How does Allmendinger look back upon his career?

“There’s not a lot of people in this world who can say they’ve won a Cup race, Xfinity races, a Rolex race outright, they’ve won Champ car races and might have won an Indy 500 if my seat belt didn’t come off,” he said.

Austin Cindric to race in Xfinity for Team Penske in 2019

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Team Penske announced Thursday that Austin Cindric will drive the No. 22 Xfinity car full-time next season.

The team announced that MoneyLion will expand its sponsorship and serve as Cindric’s primary sponsor for 18 Xfinity races next year. MoneyLion also will be a primary sponsor on Joey Logano‘s Cup car next year at Talladega in April and at Watkins Glen in August. MoneyLion will be the primary sponsor on Ryan Blaney‘s Cup car next March at Phoenix.

As part of its sponsorship, MoneyLion will give its members 5 percent cash back on NASCAR tickets, at-track purchases and all purchases on NASCAR.com.

Cindric, who has split his time between Team Penske and Roush Fenway Racing this season, is in the Xfinity playoffs. He must win Saturday’s race at Phoenix (3:30 p.m. ET on NBC) to advance to the championship race in Miami.

“I feel like everything I’ve been able to learn and put together has been leading up to this,” Cindric said Thursday night.

Team Penske also announced that it will continue to run the No. 12 Xfinity car on a limited basis in 2019 with Brad Keselowski, Joey Logano, Ryan Blaney and Paul Menard sharing the driving duties.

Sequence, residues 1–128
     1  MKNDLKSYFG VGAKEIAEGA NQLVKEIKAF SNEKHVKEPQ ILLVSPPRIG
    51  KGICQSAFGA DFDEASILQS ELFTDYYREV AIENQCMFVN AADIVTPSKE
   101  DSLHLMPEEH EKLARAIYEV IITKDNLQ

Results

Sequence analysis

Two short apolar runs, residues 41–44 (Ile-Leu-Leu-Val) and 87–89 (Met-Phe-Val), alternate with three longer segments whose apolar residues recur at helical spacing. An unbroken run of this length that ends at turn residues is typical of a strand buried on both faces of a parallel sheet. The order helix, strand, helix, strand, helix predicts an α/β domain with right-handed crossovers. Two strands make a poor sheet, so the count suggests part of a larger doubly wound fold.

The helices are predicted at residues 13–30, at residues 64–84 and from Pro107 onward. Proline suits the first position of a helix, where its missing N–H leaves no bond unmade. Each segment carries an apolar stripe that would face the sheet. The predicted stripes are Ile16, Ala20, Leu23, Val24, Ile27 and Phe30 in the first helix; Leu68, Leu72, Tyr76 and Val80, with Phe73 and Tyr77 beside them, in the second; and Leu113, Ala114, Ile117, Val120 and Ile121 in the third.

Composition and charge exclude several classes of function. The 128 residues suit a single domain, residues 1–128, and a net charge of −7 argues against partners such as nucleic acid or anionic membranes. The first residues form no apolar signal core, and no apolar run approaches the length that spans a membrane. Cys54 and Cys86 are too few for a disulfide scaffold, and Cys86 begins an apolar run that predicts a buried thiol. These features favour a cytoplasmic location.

NASCAR penalizes Ryan Blaney, Erik Jones for Texas infractions

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NASCAR issued penalties Wednesday against the No. 20 of Erik Jones and the No. 12 of Ryan Blaney for L1 infractions following their top-five finishes at Texas Motor Speedway.

Blaney’s car, which placed second, violated Section 20.4.17.6.b in the rulebook, which states all filler panels must remain permanently attached for the entire event.

Blaney was docked 20 driver and owner points. Crew chief Jeremy Bullins was fined $50,000 and car chief Kirk Almquist was suspended for two points races.

Blaney remains ninth in the standings.

There was not an immediate response from Team Penske on if it would appeal the penalty.

Jones’ No. 20, which placed fourth, violated Sections 20.4.h and 20.4.17.8.b in the rulebook, which states that air cannot pass from one area of the vehicle interior to another and the vehicle package tray must remain flat and straight, front to back, with one break.

Crew chief Chris Gayle was fined $50,000 and car chief Jason Overstreet was suspended for two points races.

The team also was docked 20 driver and owner points. Jones left Texas 13th in the standings. He is now tied with Austin Dillon for 15th.

Joe Gibbs Racing will not appeal the penalty.

Those penalties are in addition to the L1 penalty against Kevin Harvick’s team.

In the Camping World Truck Series, NASCAR issued a penalty against NextGen Motorsports for a ballast falling off Brennan Poole‘s No. 35 truck in practice at Texas.

Crew chief Ryan Bell, truck chief Jerry Kennedy and mechanic Patrick Magee have been suspended for the next three points races, which would include the 2019 opener at Daytona.